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Relativity Hit With $44 Million Lawsuit by Aramid Entertainment

UPDATED: Aramid says in the suit it is owed at least $44 million plus damages.

Relativity Media Logo - H 2011

Calling it “one of the greatest heist stories ever told in the movie business,” the Aramid Entertainment Fund on Wednesday filed a lawsuit against Relativity Media, Fortress Investment and others for breach of contract, intentional interference with contractual relations, fraud, fraudulent transfer and much more.

Aramid, a hedge fund based in the Cayman Islands, says in the suit it is owed at least $44 million plus damages and possibly more, depending on what else it learned during the legal discovery process.

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The suit says that a huge deal to co-finance movies made by Sony Pictures has been prematurely ended (apparently on Dec. 16, 2011). Sources say about half the movies envisioned under the fund (called Beverly Blvd.) were funded, at least 18 pictures in all.  Others that were considered for funding, including 21 Jump Street, ultimately were not included.

The suit says that Relativity, while holding itself out as a successful film financier, was actually in serious financial distress; and that New York hedge fund Fortress used the guise of possibly doing business with Aramid to get information it used to destroy the Aramid position in an investment in a fund that financed movies for Sony Pictures.

The suit says (with named companies added in parenthesis)  that it “involves a stunning cast of corporate characters: one of the world’s largest entertainment companies (Sony); the third largest bank in America (Citi), one of the world’s largest hedge funds (Fortress), and a vehicle two of them help bring to life (Beverly Blvd LLC) in order to finance over $1 billion worth of feature films. Behind the scenes this vehicle was ultimately hi-jacked, forcibly dismantled and ruthlessly plundered in order to line the pockets of the defendant and to knowingly deprive (Aramid) of their rights.”

At the center of the lawsuit are “slate deals,” big money financings used to lay off the risk of movie production by major studios. According to the filing, Relativity was formed by Ryan Kavanaugh in 2005 to make slate deals. At first the company borrowed money from banks and other sources to do these deals, but beginning in 2008 it received backing from Elliott Management, another large New York-based hedge fund.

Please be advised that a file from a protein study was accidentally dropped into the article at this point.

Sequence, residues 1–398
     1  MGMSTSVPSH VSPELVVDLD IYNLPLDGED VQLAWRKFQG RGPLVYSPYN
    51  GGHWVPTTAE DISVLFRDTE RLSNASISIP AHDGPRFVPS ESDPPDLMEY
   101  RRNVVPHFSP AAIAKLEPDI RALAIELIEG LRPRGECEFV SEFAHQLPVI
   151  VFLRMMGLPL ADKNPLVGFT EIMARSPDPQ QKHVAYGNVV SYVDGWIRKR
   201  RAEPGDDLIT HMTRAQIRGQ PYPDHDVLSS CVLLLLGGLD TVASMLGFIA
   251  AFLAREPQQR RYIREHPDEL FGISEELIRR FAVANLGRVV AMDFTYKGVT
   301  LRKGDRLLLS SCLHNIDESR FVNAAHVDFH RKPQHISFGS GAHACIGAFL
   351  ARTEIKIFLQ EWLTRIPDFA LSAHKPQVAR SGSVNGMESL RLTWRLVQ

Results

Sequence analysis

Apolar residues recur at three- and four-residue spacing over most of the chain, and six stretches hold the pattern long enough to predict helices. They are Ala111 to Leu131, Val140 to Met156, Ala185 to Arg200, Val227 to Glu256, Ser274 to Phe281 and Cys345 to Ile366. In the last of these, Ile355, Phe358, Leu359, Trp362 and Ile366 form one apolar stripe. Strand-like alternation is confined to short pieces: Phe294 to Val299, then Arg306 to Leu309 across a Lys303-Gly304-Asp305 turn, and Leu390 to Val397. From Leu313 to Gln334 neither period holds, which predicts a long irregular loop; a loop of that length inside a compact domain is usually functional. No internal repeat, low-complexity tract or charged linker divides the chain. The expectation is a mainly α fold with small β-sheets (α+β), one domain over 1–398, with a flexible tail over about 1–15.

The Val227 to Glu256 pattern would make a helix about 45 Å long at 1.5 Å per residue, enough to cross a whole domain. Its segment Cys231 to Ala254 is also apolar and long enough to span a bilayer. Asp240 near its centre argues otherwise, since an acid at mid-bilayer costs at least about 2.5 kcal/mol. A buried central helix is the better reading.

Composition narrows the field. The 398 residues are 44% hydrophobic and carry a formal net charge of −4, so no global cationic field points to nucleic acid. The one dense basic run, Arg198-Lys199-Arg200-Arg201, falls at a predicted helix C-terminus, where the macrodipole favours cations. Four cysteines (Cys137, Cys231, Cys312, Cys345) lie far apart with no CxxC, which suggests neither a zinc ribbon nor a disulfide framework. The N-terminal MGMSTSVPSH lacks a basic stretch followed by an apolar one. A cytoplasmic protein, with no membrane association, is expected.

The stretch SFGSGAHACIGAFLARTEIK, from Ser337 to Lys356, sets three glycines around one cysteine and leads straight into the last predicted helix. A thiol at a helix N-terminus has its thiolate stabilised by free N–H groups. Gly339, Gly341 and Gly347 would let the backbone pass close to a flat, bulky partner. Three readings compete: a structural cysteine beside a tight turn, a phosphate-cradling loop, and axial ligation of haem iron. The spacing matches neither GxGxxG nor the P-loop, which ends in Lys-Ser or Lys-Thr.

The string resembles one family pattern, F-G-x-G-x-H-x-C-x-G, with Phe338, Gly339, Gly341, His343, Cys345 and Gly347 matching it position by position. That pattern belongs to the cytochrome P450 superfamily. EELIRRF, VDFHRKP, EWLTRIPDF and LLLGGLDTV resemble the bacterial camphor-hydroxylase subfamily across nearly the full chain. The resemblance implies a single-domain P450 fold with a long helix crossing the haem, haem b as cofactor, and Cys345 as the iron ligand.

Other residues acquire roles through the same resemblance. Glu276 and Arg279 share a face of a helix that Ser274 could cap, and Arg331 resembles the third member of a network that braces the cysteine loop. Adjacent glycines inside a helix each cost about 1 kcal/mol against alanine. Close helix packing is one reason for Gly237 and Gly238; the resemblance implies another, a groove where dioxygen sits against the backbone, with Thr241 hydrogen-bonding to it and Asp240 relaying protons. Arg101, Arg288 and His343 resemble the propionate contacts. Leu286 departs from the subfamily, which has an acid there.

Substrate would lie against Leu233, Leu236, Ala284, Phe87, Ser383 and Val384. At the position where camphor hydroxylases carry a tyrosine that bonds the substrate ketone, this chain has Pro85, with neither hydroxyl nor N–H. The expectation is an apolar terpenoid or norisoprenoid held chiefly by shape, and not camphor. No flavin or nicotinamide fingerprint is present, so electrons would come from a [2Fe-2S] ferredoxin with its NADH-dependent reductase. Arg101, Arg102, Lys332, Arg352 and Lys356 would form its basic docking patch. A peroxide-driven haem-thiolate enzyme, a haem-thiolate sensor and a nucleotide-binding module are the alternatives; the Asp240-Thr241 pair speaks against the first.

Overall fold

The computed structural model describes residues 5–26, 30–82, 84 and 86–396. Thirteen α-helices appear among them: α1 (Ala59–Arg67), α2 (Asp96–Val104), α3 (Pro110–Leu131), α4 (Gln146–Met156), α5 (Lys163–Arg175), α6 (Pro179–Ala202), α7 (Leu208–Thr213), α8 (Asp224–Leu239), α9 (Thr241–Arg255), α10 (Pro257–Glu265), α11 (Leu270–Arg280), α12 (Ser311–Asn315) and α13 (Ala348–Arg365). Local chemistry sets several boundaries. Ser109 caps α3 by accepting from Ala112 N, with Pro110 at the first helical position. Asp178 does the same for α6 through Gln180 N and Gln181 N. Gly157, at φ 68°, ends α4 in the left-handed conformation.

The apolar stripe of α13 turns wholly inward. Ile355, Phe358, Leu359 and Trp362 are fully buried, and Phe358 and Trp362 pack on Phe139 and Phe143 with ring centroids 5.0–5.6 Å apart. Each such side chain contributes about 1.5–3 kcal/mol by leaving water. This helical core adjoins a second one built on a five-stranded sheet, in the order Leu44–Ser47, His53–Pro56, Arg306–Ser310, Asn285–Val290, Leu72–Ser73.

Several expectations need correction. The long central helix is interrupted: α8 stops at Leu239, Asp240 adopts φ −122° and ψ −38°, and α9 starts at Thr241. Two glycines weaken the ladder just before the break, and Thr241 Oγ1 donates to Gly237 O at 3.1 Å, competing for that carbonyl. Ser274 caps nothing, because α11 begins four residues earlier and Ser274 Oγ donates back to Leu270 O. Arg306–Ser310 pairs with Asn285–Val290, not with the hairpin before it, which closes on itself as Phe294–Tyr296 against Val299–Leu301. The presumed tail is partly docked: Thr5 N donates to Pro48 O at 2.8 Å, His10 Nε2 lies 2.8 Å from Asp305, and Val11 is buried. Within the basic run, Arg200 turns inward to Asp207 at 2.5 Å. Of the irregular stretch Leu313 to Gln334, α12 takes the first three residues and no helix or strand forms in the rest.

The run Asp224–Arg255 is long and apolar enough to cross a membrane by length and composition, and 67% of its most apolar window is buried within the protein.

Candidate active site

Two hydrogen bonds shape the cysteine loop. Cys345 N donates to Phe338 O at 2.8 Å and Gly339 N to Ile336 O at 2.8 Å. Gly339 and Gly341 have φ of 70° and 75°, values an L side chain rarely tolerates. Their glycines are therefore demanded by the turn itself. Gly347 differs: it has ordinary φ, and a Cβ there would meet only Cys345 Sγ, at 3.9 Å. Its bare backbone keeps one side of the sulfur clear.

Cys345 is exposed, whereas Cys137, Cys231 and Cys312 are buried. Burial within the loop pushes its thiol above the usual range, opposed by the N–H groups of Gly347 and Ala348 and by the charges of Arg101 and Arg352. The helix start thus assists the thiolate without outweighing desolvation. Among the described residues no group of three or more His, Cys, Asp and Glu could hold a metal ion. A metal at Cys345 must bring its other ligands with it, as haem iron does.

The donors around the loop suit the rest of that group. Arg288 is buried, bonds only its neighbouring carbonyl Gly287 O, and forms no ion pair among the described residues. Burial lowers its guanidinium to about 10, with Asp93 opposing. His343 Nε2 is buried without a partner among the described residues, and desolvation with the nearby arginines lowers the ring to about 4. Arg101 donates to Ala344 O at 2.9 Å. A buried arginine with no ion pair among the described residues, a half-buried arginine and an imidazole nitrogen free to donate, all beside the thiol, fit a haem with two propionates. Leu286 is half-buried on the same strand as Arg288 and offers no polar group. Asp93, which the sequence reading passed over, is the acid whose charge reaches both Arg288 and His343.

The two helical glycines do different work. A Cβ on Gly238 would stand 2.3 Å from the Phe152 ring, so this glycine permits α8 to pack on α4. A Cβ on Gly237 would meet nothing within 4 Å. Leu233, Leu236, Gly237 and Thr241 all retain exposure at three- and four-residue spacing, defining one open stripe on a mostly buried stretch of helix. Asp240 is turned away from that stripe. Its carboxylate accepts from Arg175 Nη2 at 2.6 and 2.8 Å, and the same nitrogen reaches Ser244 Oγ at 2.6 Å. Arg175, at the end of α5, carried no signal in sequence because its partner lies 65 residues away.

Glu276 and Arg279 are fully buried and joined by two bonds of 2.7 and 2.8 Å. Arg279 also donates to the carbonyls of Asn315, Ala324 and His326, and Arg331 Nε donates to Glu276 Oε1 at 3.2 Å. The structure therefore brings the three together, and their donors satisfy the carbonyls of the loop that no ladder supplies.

Over time, says the suit, Kavanaugh turned Relativity from a passive investor into a participant in part by negotiating a producing credit for himself on each movie the fund co-financed. “Kavanaugh wanted people to believe that he really was ‘the producer’ of such films in spite of the fact he never provided any actual producing services,” says the suit.

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The suit says Relativity “holds itself out to the market as a successful film financer” and describes itself as a “next generation studio” that to date has produced or financed over 200 movies which have grossed more than $17 billion worldwide.

In 2007, Relativity worked with Sony to crate the Beverly Blvd. slate financing, which it told investors would be “a watershed event in the evolution of slate finance.”

Relativity was to be paid $1 million per picture as a producer, plus a fee of 2 percent of the gross participation (money to the studio off the top with no deductions).

“Kavanaugh stood to benefit more than anyone else from the Beverly slate transaction,” says the suit. “Regardless of whether Kavanaugh or anyone else from Relativity ever read a script, visited a set or rendered any producing services…that meant as much as $45 million in producing fees alone over five years. If the slate generated an additional $3 billion in receipts, which was entirely possible…they would have meant an additional $60 million paid to Kavanaugh and Relativity – or over $100 million in fixed fees and contingent gross participation.”

Sources say that none of the money in Beverly came from Relativity or from its backer Elliott (who did finance a slate deal at Universal Pictures, which it took over from Relativity last year).

What made the Beverly fund special, says the suit, was that Relativity got the right to actually choose or “cherry pick” which of the Sony movies it would finance, rather than just be told by the studio which it would allow Relativity to participate in, as long as it put up half the money for three-quarters of Sony’s movies during the term of the deal.

The suit says Kavanaugh was able to assert that due to an “allegedly proprietary financial model” used in picking films, Relativity could reduce risk. The system actually did not pick movies; but rather excluded films which did not meet certain criteria.

The Beverly fund was to cover up to 45 movies over five years. Beverly would contribute $500 million and Sony would put up a matching amount. The money was to go only to production costs, not to marketing or other expenses. Some of the proceeds could be re-invested in other movies to help extend the life of the deal, giving investors as many opportunities to be “at bat” as possible – because investing in more movies was seen to increase the chance of the fund’s overall profitability.